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Steinbrenner to Abbott: More work, less charity

Charity begins at home, stays at home and ends with the start of spring training, according to George Steinbrenner's latest edict.

During a news conference Friday, the Yankees owner said pitcher Jim Abbott should cut back his charity work and other off-field activities to improve his performance on the field. Abbott went 11-14 with a 4.37 ERA in 1993, his first season with the Yankees. He pitched a no-hitter in September.

"His agent (Scott Boras) has to lay off for a while. So do other people to allow him to reach what he knows he can do," said Steinbrenner, making his first appearance of the year at spring training. "He wasn't there last year. He knows that. Everybody knows that.

"He is a modern-day Frank Merriwell. I think (Don) Mattingly is another one. I just singled Jim out because I think Jim Abbott is capable of more than he showed last year.

"I must demand total dedication to the task. I want to cut down the involvements of some of my players so that they can concentrate on winning.

"I'm not trying to single Jim out or put pressure on him. He's such a wonderful man. Jim's got to give 100 percent of his attention to baseball during the season."

Abbott said he doesn't overextend himself during the season.

"I'd like to use that as an excuse, but I really can't," he said.

Around the majors

Brewers: The team proposed a convertible-roof stadium for Milwaukee, and Gov. Tommy G. Thompson said he will appoint a task force to determine how to pay for it. Brewers president Bud Selig, the chairman of baseball's ruling executive council, said the design, which calls for the stadium to be enclosed only in bad weather, would help guarantee crowds and allow grass.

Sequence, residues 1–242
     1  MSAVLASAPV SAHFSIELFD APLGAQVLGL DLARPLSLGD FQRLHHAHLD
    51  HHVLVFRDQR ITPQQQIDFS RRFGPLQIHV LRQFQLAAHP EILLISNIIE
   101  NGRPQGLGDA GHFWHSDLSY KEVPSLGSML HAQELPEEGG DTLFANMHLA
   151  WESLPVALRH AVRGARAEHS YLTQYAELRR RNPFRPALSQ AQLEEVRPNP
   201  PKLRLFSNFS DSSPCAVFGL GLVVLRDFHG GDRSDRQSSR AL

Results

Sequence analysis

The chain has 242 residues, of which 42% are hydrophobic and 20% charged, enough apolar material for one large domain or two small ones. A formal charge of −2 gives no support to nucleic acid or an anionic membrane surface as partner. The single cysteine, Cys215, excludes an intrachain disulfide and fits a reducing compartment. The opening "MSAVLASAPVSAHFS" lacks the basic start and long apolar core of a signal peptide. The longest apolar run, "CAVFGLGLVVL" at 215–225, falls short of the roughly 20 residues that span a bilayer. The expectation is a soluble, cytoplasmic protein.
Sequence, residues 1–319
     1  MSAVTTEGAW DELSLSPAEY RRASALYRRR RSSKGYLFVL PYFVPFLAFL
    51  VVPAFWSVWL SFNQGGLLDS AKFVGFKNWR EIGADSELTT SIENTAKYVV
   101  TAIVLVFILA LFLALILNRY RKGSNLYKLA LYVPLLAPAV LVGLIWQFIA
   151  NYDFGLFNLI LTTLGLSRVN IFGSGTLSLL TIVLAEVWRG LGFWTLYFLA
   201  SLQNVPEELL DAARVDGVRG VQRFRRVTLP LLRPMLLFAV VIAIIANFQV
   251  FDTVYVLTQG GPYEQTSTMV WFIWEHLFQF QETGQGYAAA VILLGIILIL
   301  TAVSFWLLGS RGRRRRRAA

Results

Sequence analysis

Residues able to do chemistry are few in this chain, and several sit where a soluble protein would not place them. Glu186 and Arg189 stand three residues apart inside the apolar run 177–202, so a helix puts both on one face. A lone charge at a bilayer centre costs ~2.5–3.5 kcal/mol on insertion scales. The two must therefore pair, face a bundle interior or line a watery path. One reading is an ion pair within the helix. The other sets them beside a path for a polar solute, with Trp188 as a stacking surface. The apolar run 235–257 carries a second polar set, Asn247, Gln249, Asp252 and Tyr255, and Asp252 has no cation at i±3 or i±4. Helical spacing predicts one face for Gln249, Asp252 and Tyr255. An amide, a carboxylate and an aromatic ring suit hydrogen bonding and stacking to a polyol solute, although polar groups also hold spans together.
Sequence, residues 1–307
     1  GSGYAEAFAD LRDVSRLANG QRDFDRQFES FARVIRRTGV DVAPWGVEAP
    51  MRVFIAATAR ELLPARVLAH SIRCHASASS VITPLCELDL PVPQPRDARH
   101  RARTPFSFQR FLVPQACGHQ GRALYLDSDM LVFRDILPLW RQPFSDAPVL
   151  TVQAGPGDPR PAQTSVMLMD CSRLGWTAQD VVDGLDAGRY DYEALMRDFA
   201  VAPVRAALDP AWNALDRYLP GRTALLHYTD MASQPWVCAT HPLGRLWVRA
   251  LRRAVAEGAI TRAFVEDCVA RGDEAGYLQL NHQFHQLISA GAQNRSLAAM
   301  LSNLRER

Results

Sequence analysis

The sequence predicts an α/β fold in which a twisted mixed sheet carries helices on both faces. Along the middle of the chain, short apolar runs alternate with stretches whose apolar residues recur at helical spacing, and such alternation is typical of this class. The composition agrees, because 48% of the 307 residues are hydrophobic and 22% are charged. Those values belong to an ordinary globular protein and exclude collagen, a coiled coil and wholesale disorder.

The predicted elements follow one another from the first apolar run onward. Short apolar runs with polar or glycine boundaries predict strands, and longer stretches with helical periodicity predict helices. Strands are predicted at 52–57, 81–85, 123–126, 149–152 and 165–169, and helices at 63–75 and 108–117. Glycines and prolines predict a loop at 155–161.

Mariners: Reliever Brad Holman had laser surgery to fix a detached right retina _ an injury apparently caused when he was hit by a line drive Aug.

8 in Texas. He suffered sustained a severe contusion to his frontal sinus cavity. The right-hander will miss only about a week, the Mariners said.

Expos: Outfielder Larry Walker became a $4-million player, signing a one-year, $4,025,000 deal announced this month. Pitcher Tim Leary, a 10-year veteran who recently signed with Montreal as a free agent, had his appendix removed and will be out six weeks, general manager Kevin Malone said.

Rockies: Colorado picked up the one-year option on manager Don Baylor's contract, extending it though 1995.

Braves: Pitcher Mike Bielecki, who underwent elbow surgery in 1992 and was released by Cleveland and Baltimore last year, returned to the Braves. The seven-year veteran said he called manager Bobby Cox, and Cox agreed to give him a chance.

Athletics: Carney Lansford, a third baseman forced into retirement by injuries two years ago, is back with the A's as a spring coach. If Lansford likes the job, he will be offered a full-time position on the staff, the team said.

Mets: Pitcher Anthony Young, who survived a record 27-game losing streak, demotion to the minor leagues and postseason elbow surgery, signed a $230,000 contract for 1994, a $25,000 raise.